Clearly your source of information is **full of error**. Please – please! – read a **reliable, scholarly source** regarding the history of the doctrine of trinity. The doctrine of trinity was NOT an issue at that council!

The Mithra stuff is pure malarky – irrelevant to the preceding discussion.

– Jim,

“The trinity is not part of the old testament,”


Proverbs 30:4 – “Who hath established all the ends of the earth? What is his name, and what is his son’s name, if thou canst tell?”

Psalms 2:12 – “Kiss the Son, lest he be angry, and ye perish from the way, when his wrath is kindled but a little. Blessed are all they that put their trust in him.”

Isaiah 7:14 – “Therefore the Lord himself shall give you a sign; Behold, a virgin shall conceive, and bear a Son, and shall call his name Immanuel.”

Proverbs 89:27-28 – “And I will make him my firstborn, higher than the kings of the earth. My mercy will I keep for him for evermore, and my covenant shall stand fast with him.”

Daniel 3:25 – “Lo, I see four men loose, walking in the midst of the fire, and they have no hurt; and the form of the fourth is like the Son of God.”


Isaiah 63:10-11 – “But they rebelled, and vexed his holy Spirit: therefore he was turned to be their enemy, and he fought against them. Then he remembered the days of old, Moses, and his people, saying, Where is he that brought them up out of the sea with the shepherd of his flock? where is he that put his holy Spirit within him?”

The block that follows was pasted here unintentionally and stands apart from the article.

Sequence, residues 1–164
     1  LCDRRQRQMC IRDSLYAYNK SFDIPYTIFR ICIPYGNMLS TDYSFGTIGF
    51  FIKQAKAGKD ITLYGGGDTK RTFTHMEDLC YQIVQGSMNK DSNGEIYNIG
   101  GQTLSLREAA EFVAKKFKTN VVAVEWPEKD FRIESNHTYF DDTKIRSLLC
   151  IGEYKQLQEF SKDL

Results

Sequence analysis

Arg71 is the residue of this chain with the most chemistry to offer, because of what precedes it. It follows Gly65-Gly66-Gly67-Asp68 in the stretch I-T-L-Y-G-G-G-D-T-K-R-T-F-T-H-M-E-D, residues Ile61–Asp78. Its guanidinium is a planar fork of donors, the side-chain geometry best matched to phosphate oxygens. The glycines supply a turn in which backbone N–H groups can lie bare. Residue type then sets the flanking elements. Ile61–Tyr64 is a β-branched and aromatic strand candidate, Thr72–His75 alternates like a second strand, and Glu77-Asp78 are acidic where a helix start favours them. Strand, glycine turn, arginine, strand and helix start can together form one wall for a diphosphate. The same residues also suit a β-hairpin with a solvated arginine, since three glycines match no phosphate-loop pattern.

Psalms 51:11 – “Cast me not away from thy presence; and take not thy holy spirit from me.”

Genesis 41:38 – “And Pharaoh said unto his servants, Can we find such a one as this is, a man in whom the Spirit of God is?”

Then God said, “LET US make mankind in our image, in our likeness, so that they may rule over the fish in the sea and the birds in the sky, over the livestock and all the wild animals, and over all the creatures that move along the ground.” Genesis 1:26

Let Us….Who is us? This proves the trinity. If this isn’t solid evidence then there must be multiple gods because we were made in the image of god.

its through the Jewish Race that God will save His people. Christians follow Christ. Not many people (including me) have ever heard of “Mithra” sounds mythical (anti-God even???) but why is it the whole world has heard of Jesus? Its because He is real the humanist of humans the One True God who cares for His flock. Dont follow false shepards youll get all mucked up

your correct, but have you ever thought that maybe Satan and his demons believe it. Think about it, the demon were kicked out of heaven for coming to earth and having sex/children with the woman on earth., so if they can claim that the holy spirit is a person it would have committed fornication with Mary therefore committing the same sin they did therefore God would be a hypocrite in others eyes. Horrible I know but satan would do anything to try to hurt Jehovah’s name. Two Babylons by Alexander Hissop is great to find out a lot of these false religious customs.

Jesus is the Son of God. Those Mithra comparisons were debunked long ago. Try again.